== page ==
> theology, but exactly how by historical methodology can you make that
                                        > judgment?

                                        Gordon,
                                        I would not agree with you that some of the healing and excorcism stories
                                        do not come up to us as "touched up". In a case like Mark 2:1-12 we very
                                        probably have a historical reminicence from Jesus "touched up" theologically.
                                        I think we can say that the historical core (basically without any retouching) is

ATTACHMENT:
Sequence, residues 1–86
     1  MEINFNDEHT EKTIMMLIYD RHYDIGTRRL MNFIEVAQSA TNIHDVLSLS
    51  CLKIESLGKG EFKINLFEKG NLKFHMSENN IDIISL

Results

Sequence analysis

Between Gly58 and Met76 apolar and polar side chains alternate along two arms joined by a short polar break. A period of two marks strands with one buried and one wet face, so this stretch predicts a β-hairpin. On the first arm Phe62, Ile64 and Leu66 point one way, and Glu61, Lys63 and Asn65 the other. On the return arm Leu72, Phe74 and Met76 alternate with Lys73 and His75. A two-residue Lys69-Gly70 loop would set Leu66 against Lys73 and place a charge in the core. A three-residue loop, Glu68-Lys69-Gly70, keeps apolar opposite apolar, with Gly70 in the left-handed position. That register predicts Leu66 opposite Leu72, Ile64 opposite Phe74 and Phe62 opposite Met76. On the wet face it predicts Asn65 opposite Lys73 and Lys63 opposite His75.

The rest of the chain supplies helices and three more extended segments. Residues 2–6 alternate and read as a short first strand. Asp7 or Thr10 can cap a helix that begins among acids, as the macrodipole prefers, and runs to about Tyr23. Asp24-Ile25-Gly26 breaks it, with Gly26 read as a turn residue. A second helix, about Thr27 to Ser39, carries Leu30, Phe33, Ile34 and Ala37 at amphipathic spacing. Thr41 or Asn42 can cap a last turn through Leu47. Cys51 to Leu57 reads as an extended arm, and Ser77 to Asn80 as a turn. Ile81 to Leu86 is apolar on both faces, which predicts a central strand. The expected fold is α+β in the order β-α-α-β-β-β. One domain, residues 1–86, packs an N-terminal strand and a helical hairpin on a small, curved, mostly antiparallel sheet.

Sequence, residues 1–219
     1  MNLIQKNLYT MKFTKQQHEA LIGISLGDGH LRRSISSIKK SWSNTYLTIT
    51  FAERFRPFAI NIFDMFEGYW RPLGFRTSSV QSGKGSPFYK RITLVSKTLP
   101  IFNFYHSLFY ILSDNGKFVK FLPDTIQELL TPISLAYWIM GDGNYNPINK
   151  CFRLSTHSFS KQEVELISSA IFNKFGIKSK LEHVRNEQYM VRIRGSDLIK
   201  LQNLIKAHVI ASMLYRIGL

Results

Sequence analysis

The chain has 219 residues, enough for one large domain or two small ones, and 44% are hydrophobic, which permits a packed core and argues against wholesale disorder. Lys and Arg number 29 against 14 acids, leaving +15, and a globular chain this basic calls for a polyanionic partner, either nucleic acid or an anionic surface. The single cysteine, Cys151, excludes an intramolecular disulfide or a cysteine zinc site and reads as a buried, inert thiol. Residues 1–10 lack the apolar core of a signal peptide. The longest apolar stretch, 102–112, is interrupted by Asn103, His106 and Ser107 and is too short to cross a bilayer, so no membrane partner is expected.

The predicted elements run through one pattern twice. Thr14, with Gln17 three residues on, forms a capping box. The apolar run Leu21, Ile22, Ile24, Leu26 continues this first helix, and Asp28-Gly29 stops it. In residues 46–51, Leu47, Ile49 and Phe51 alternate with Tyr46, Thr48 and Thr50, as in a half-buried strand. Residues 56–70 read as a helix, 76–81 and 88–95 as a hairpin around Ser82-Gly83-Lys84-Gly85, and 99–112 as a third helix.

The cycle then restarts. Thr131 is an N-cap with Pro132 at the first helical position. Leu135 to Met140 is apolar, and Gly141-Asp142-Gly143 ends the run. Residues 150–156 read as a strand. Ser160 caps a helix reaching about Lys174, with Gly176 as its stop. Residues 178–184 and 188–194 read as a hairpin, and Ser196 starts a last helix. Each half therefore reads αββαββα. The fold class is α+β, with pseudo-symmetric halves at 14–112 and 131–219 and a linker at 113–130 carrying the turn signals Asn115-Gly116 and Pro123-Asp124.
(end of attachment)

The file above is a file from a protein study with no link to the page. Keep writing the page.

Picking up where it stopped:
found from verse 2:1-4. But I do agree with you that it is often almost impossible
                                        to disentangle history from fiction in many of the NT stories. Unfortunately there
                                        is no good metodology.

                                        > What we get from the ancient world, obviously, are not medical records.
                                        > What we get... and they are of a kind... (these are consistent stories
                                        > in that the Jesus of the Gospels is the Son of the Father who has
                                        > inaugurated the eschatological age of the Kingdom). With that comes
                                        > nature and healing (and actually, of course, healing is "natural"/ has
                                        > to do with nature!) wonders that signify this happening. Before this in
                                        > Israel's scriptures WE ARE TOLD that this is part of what God does and
                                        > therefore the Evangelists as they did for birth, baptism, temptation,